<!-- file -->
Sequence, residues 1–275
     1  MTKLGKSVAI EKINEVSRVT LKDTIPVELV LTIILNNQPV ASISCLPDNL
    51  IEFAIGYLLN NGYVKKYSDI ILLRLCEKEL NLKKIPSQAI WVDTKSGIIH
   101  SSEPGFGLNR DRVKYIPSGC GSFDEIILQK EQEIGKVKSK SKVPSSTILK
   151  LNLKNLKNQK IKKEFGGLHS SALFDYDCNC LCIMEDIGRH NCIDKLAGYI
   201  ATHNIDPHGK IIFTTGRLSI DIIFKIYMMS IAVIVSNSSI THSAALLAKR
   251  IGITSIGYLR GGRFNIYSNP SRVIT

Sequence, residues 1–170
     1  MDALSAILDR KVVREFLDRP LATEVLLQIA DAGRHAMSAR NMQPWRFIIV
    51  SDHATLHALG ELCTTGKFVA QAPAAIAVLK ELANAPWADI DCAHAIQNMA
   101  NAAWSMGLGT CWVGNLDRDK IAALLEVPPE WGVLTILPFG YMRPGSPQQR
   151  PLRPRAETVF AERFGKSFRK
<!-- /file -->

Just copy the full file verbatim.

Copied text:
Sequence, residues 1–275
     1  MTKLGKSVAI EKINEVSRVT LKDTIPVELV LTIILNNQPV ASISCLPDNL
    51  IEFAIGYLLN NGYVKKYSDI ILLRLCEKEL NLKKIPSQAI WVDTKSGIIH
   101  SSEPGFGLNR DRVKYIPSGC GSFDEIILQK EQEIGKVKSK SKVPSSTILK
   151  LNLKNLKNQK IKKEFGGLHS SALFDYDCNC LCIMEDIGRH NCIDKLAGYI
   201  ATHNIDPHGK IIFTTGRLSI DIIFKIYMMS IAVIVSNSSI THSAALLAKR
   251  IGITSIGYLR GGRFNIYSNP SRVIT

Sequence, residues 1–170
     1  MDALSAILDR KVVREFLDRP LATEVLLQIA DAGRHAMSAR NMQPWRFIIV
    51  SDHATLHALG ELCTTGKFVA QAPAAIAVLK ELANAPWADI DCAHAIQNMA
   101  NAAWSMGLGT CWVGNLDRDK IAALLEVPPE WGVLTILPFG YMRPGSPQQR
   151  PLRPRAETVF AERFGKSFRK